Email etiquette - the implied rules of good behaviour

Published 14/04/2005 10:46   |    Updated 04/02/2009 11:58
What guidelines should I follow for good email etiquette?

Like telephone conversations and face-to-face communication, email communication has certain implied rules of behavior. These rules are referred to as email etiquette or netiquette (a combination of "Internet" and "etiquette"). For effective communication, follow these guidelines:

  • Be careful with humor and emotion. Email does not convey emotion well, so the recipient might not understand your intended tone. Sarcastic humor is particularly risky because the recipient might interpret it literally and take offense. To convey emotion, consider using emoticons (see "Using emoticons" in this article).

  • Think before you send. Writing and sending an email message is fast and easy—sometimes too easy. Make sure you've thought out your message first, and avoid writing when you're angry. Once you send the message, you can't get it back.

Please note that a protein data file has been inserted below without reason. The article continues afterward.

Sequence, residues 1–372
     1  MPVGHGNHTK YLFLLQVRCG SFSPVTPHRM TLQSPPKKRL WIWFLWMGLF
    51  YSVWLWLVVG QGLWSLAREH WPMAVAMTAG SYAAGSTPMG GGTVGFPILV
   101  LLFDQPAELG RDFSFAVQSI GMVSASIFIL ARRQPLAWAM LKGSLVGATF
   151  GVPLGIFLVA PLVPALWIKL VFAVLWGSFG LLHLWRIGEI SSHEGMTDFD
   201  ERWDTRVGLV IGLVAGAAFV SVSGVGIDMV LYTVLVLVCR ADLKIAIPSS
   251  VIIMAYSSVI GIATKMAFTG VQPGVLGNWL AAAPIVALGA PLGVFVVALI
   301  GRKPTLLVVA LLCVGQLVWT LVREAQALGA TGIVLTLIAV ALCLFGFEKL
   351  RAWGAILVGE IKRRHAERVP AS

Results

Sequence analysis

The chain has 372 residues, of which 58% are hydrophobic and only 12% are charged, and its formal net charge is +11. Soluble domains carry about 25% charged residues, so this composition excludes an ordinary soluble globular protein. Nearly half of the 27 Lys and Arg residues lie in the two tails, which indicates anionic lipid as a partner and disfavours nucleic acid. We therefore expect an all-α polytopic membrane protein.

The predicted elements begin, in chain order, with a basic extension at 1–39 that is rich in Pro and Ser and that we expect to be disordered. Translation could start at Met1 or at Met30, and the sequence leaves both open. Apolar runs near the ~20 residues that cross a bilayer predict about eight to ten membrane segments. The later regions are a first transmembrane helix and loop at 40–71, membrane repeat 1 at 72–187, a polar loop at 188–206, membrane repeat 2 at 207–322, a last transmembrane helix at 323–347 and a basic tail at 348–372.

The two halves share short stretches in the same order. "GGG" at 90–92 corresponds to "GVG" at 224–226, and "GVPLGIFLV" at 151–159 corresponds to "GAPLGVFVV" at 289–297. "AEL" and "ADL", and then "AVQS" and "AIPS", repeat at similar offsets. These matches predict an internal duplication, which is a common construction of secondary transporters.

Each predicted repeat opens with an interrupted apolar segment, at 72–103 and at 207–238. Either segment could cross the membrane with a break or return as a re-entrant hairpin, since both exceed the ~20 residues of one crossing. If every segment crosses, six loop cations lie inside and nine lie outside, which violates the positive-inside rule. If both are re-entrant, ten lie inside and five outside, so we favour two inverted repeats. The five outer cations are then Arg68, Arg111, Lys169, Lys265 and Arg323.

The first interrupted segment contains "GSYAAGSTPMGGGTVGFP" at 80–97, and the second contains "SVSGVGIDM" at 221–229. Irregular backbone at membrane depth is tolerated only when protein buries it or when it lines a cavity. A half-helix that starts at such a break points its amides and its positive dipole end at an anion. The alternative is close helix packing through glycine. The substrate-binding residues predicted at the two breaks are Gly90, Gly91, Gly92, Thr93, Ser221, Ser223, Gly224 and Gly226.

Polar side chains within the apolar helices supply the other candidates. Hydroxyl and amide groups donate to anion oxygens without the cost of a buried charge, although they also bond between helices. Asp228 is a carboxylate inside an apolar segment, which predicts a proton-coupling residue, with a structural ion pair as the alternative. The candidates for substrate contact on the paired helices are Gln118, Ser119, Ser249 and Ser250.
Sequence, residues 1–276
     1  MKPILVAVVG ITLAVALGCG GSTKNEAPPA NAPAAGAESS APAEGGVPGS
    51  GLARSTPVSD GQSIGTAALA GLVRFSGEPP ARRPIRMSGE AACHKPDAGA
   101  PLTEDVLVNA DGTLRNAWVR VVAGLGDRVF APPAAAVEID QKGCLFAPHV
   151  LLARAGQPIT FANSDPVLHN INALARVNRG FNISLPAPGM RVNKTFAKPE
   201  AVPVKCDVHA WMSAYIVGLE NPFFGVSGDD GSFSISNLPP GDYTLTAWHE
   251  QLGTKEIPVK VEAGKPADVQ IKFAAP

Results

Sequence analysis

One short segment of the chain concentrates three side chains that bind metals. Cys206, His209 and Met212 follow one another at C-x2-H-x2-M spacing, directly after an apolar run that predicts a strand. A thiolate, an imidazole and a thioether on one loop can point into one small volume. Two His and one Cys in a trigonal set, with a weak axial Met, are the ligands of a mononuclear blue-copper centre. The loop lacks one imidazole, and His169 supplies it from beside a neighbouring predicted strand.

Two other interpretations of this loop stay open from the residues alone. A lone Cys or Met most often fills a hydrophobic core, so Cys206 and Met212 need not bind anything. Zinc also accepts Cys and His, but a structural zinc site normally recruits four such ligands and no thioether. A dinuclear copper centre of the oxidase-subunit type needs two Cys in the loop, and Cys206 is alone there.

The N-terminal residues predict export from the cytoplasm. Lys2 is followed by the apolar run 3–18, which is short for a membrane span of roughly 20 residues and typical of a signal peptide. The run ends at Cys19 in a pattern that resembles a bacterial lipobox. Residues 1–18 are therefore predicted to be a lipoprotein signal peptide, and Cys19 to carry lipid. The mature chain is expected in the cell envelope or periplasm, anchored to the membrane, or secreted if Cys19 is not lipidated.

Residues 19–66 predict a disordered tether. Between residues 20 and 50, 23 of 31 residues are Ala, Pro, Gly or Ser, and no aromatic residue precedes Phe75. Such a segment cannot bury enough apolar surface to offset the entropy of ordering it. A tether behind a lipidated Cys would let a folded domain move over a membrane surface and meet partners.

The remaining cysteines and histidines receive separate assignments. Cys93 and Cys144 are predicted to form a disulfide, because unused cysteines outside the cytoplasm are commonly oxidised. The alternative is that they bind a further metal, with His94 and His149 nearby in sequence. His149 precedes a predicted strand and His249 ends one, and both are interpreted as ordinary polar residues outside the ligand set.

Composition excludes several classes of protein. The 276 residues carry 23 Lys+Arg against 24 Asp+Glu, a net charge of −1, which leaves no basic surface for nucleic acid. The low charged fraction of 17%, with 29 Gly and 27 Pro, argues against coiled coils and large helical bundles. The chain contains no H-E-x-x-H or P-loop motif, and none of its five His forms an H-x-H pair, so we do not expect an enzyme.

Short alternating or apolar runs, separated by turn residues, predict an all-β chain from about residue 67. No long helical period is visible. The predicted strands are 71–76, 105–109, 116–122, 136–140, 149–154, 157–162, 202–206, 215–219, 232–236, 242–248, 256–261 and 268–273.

• Use a clear and concise subject line. Summarize the contents of the message in a few words. People who receive a large amount of email can use the subject to prioritize the message.

  • Keep messages short. Although an email message can be of any length, email is designed for quick communication. Many people don't have the time or patience to read more than a few paragraphs.

  • Avoid using ALL CAPITAL LETTERS. Many people perceive sentences written in all uppercase letters as "yelling" and find it annoying or offensive.

  • Be careful with sensitive or confidential information. Any recipient can forward your message to others—either intentionally or accidentally.


Additionally, in formal or business communication, avoid spelling and grammatical errors. Sloppy email conveys an unprofessional image. Proofread your messages before you send them, and if your email program has a spelling checker, use it.

 

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